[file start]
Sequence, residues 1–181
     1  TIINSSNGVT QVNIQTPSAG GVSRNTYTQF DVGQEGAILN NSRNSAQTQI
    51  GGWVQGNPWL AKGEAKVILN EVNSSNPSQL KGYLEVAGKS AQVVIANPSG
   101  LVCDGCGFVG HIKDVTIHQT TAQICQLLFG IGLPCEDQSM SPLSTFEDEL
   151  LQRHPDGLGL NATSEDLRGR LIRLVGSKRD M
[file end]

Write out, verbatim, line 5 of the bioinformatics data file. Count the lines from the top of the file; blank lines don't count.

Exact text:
   151  LQRHPDGLGL NATSEDLRGR LIRLVGSKRD M